logo


The president visits the Tappan Zee Bridge project
by Daniel Spitzer, MD

I decided that a photo, not of the President himself (many would capture those) but of his helicopter, Marine 1, flying over the Tappan Zee Bridge, would be a fitting way to document the Presidential visit. The image of a middle aged machine (the Presidential helicopters are due to be replaced shortly) passing over the aged and rusting bridge, with a plethora of old barges and new cranes below, would serve as an interesting contrast—visual and historic. This was, of course, a gamble; the weather promised to be marginal at best, and of course I have no way to predict, much less influence, the flight path the helicopter would take. Ultimately, I chose a spot half way out the Piermont Pier and waited.

The inbound flight passed too for to the east, and with the tail of the Helicopter most evident, the images were uninspiring.

(While the President was in Tarrytown, I went to the gym and hit the elliptical!)

With binoculars I could then follow the return of the motorcade to the flat staging area just north of Tarrytown and watch closely as the helicopter rotor spooled up.
A race was in process: a high deck of clouds was filling in from the west, muddying the light, while a low layer of cloud and fog was moving rapidly in from the coastline to the southeast, threatening to reduce the backdrop to a boring off-white.

Fortuitously, the outbound trajectory chosen by the pilots was further to the west, and closer to mid-channel, so the helicopter passed over the center span of the Bridge. The inclement weather slowed its approach and I was able to capture Marine One essentially mid-span as it turned south on its trip back to NYC. Five minutes later, the high overcast and low cloud layer had both filled in.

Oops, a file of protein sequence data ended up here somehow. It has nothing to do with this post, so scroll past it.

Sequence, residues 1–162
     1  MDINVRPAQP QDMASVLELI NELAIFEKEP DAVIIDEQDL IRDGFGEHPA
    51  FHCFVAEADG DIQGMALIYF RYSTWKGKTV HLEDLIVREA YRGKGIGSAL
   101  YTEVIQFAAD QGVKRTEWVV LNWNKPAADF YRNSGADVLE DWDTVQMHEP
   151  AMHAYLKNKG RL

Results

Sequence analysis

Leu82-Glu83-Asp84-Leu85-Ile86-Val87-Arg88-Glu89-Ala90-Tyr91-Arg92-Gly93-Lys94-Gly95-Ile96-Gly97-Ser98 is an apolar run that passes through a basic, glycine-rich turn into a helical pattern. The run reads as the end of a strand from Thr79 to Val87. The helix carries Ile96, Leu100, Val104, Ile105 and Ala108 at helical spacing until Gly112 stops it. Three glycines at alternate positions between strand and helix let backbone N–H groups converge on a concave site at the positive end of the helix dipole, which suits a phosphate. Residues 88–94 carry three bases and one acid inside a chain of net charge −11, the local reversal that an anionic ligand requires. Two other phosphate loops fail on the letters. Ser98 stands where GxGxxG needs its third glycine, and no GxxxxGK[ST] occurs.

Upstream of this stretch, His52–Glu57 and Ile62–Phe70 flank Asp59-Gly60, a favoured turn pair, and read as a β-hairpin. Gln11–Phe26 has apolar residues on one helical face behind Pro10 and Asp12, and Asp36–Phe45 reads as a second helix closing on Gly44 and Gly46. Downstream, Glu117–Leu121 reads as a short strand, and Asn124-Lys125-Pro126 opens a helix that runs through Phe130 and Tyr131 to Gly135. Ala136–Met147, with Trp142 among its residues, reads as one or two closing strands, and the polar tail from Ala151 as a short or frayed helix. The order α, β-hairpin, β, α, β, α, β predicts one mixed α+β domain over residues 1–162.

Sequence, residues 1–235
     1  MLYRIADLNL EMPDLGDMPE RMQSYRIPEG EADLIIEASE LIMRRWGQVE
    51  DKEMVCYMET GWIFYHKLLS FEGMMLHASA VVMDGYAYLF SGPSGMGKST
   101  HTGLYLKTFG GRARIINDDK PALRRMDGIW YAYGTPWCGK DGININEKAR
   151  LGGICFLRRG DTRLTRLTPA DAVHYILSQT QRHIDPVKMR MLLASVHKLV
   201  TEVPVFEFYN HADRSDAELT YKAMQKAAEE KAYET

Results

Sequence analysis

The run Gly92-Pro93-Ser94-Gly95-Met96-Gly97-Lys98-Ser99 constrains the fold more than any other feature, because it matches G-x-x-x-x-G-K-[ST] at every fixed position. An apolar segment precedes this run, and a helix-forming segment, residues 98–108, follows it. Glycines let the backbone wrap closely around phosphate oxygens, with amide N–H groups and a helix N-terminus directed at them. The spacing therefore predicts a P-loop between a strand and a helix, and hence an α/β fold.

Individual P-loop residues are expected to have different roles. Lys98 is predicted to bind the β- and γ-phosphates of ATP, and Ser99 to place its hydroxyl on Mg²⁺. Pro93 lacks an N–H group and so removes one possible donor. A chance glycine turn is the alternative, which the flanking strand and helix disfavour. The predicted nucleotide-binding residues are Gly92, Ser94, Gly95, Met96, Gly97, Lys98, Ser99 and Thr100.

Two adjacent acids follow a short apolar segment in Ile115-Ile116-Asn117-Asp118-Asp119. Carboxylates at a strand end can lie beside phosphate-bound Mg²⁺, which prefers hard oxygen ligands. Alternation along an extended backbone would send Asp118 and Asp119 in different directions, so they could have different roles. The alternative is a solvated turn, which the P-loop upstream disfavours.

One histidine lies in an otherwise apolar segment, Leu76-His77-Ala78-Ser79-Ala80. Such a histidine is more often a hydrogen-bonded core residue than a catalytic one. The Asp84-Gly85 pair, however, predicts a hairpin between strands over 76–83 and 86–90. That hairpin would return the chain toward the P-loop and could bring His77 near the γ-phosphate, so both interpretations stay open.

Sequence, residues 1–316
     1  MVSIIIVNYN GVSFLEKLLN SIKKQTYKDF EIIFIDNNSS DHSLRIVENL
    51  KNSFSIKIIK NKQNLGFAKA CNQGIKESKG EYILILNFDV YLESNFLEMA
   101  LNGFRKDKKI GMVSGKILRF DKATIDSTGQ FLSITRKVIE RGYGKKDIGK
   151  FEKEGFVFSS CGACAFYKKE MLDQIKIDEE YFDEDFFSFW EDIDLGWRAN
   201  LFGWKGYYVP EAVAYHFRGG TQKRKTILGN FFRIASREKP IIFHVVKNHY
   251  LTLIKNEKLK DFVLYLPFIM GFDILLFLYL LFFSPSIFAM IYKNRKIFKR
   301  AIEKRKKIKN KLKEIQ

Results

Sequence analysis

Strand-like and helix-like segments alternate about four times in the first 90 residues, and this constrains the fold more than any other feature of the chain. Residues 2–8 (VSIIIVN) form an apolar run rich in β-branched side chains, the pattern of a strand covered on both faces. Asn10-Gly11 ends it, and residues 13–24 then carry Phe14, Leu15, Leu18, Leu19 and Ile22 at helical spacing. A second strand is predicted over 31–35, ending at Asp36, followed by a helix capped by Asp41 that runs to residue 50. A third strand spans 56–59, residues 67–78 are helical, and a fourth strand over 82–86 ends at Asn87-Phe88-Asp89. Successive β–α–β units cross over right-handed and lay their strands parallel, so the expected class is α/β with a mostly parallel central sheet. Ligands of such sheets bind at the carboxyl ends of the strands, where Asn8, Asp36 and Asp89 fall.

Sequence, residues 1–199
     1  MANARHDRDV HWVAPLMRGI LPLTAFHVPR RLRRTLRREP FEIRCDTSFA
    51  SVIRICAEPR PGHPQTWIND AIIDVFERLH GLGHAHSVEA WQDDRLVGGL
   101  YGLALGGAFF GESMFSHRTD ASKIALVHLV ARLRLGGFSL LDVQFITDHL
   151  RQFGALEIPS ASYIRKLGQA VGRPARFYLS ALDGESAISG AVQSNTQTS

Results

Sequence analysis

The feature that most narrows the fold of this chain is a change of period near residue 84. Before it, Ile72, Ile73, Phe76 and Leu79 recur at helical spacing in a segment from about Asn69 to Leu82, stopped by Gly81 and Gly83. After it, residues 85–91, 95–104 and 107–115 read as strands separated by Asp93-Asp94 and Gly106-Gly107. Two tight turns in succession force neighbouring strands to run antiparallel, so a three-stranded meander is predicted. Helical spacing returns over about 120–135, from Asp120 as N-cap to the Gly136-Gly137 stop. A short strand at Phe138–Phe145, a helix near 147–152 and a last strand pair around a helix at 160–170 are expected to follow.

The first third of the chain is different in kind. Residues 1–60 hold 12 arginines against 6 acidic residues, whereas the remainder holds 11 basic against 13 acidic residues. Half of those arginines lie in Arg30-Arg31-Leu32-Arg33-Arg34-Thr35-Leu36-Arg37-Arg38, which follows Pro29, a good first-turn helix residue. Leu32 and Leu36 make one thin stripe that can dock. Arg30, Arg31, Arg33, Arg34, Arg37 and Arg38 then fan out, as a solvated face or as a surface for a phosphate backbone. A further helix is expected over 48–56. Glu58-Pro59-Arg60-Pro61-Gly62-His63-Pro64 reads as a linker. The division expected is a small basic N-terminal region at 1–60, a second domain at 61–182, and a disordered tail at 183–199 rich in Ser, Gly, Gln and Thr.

I particularly appreciate the booms of the four (count carefully!) cranes pointing up toward Marine 1, drawing the viewers’ eye from the inverted arch of the bridge superstructure up toward the helicopter itself. The detail and definition of the photo (especially in the original, before downsizing for the 300 dpi resolution and size needed for the magazine cover) is astonishing. Individual rivets on the Bridge’s steel skeleton stand out prominently, as do hawsers and cables, signage and cordage. On the original, it is possible to count the stripes on both (again, count carefully!) American flags flying in the stiff breeze.

Technical Data: 5.14.2014 @ 4:18 pm
Leica M240 ASA 500 1/1500 sec
Leica 560 mm lens 6.8,
Distance to Helicopter approx. 2.3 miles
minimal post production in Photoshop.